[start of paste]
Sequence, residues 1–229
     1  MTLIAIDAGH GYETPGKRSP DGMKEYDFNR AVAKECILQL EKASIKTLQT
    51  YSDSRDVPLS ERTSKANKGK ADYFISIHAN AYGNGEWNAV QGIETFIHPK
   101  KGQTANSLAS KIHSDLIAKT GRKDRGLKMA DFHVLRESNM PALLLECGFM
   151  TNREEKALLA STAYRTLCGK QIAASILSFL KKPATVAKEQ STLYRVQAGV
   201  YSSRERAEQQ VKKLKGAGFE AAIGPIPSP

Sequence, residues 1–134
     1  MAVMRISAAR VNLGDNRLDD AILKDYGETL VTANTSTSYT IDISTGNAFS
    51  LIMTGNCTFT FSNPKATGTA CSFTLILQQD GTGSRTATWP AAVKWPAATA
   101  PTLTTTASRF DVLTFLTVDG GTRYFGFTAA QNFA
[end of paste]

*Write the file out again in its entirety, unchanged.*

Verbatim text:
Sequence, residues 1–229
     1  MTLIAIDAGH GYETPGKRSP DGMKEYDFNR AVAKECILQL EKASIKTLQT
    51  YSDSRDVPLS ERTSKANKGK ADYFISIHAN AYGNGEWNAV QGIETFIHPK
   101  KGQTANSLAS KIHSDLIAKT GRKDRGLKMA DFHVLRESNM PALLLECGFM
   151  TNREEKALLA STAYRTLCGK QIAASILSFL KKPATVAKEQ STLYRVQAGV
   201  YSSRERAEQQ VKKLKGAGFE AAIGPIPSP

Sequence, residues 1–134
     1  MAVMRISAAR VNLGDNRLDD AILKDYGETL VTANTSTSYT IDISTGNAFS
    51  LIMTGNCTFT FSNPKATGTA CSFTLILQQD GTGSRTATWP AAVKWPAATA
   101  PTLTTTASRF DVLTFLTVDG GTRYFGFTAA QNFA